User experience learnings 2020 – What really matters to the user in the vehicle

by Arne Bachmann , 08.05.2020

User experience learnings 2020 – What really matters to the user in the vehicle

by Arne Bachmann , 08.05.2020

Arne Bachmann Mobility Innovation

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User centricity is gaining in importance for vehicle manufacturers, as the hunt for competitive advantages is getting tougher and user centricity also increases customer loyalty. While a few years ago the sheer number of functions was decisive, now it is crucial to what extent these services can be used by end customers.

We, the P3 User Experience Team, passionately dedicate ourselves to the topic of user centricity. Our goal is to better adapt products, services and experiences to the real needs of their users. This means on the one hand to analyze the specific needs and to incorporate them as a basis for the development. On the other hand, we check to what extent products but also prototypes meet these needs.

In our daily work there are always situations that surprise us or make us smile. We make interesting discoveries about UX Mindset, UX Strategy and UX Development, especially during live vehicle tests with test persons. We have compiled some of the best of these experiences and conclusions in six short stories.

Proband surprises everyone with non-use of infotainment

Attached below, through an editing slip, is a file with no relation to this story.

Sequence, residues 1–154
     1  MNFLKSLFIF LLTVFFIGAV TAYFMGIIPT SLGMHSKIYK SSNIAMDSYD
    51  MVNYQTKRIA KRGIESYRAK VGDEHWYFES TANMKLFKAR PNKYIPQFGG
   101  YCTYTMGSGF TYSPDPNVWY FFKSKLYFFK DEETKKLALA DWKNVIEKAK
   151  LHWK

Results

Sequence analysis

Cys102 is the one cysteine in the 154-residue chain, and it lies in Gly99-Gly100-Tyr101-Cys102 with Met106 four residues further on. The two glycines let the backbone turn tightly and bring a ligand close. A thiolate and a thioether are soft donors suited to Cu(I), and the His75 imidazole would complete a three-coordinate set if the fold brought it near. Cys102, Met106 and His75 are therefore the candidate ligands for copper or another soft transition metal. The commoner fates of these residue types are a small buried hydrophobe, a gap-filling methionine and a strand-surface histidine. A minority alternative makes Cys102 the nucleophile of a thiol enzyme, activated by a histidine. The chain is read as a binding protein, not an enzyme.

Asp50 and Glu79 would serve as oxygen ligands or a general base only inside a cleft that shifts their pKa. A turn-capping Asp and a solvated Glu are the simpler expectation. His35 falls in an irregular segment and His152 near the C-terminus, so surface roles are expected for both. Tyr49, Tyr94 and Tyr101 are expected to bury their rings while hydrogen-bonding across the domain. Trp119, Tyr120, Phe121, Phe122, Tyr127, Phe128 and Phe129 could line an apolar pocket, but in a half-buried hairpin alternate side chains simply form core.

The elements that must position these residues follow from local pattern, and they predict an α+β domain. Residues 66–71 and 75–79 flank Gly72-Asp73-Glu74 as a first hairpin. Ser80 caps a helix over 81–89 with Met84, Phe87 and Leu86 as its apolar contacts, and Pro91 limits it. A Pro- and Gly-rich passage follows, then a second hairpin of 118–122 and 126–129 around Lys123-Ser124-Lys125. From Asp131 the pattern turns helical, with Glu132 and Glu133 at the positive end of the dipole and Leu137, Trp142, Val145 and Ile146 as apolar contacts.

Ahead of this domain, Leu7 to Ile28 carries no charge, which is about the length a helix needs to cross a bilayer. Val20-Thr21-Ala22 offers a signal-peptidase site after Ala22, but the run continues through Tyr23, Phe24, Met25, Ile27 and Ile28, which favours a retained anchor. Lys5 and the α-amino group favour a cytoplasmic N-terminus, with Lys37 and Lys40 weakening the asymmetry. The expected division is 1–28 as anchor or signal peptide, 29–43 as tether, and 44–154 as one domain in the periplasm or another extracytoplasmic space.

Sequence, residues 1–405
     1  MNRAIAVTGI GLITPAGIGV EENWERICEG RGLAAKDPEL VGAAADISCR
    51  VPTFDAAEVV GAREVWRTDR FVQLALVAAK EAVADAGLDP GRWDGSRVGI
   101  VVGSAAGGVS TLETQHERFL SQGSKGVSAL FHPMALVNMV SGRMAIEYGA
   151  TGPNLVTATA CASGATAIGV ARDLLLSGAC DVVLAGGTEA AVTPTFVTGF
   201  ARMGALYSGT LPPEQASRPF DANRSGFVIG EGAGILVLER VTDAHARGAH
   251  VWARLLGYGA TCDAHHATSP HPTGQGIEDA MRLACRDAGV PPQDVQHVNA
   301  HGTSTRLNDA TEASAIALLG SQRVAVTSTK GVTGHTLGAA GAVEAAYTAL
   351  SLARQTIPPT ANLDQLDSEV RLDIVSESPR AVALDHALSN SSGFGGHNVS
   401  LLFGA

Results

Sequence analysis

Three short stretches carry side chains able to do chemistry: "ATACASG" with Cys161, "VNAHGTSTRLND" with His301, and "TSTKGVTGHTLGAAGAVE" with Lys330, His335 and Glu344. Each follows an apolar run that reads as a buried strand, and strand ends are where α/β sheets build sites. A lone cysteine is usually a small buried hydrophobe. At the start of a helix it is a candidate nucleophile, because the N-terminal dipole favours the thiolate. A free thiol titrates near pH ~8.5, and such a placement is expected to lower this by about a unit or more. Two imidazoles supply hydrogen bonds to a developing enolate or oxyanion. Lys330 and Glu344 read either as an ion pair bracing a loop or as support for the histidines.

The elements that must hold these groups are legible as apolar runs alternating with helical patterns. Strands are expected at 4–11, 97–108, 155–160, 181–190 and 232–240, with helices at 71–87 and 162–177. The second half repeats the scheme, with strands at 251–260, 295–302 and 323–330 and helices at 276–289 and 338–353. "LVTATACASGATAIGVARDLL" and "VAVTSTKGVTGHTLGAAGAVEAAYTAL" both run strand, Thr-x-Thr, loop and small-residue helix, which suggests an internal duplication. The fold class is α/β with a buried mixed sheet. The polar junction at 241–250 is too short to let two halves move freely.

In one of our observational studies, we gave test persons the task of playing music in a car. One of the study participants got into the test vehicle, pulled his phone out of his pocket and placed it in the center console to finally play music from his phone. He did not even connect to the infotainment system.

This shows it is not immediately clear to everyone what features and functions a vehicle has. Users should therefore be actively enabled to use precisely those functions that reduce driver distraction, such as making phone calls via the infotainment system.

Lesson #1 – The connection of smartphones and other devices with the infotainment system should be simple and self-explanatory. When in doubt, however, the user must first know that his vehicle has the option of connecting smartphones via USB or Bluetooth.

Intuition of a test person sabotaged test

During a benchmark of two vehicles, in which we wanted to compare the buttons and touch display, a test person outsmarted us by intuitively triggering the desired function via voice command and thus sabotaged our test.

Especially when car manufacturers rely solely on a touch display as a haptic input device, sophisticated voice control is even more important to ensure that drivers can still operate the infotainment system in difficult driving situations.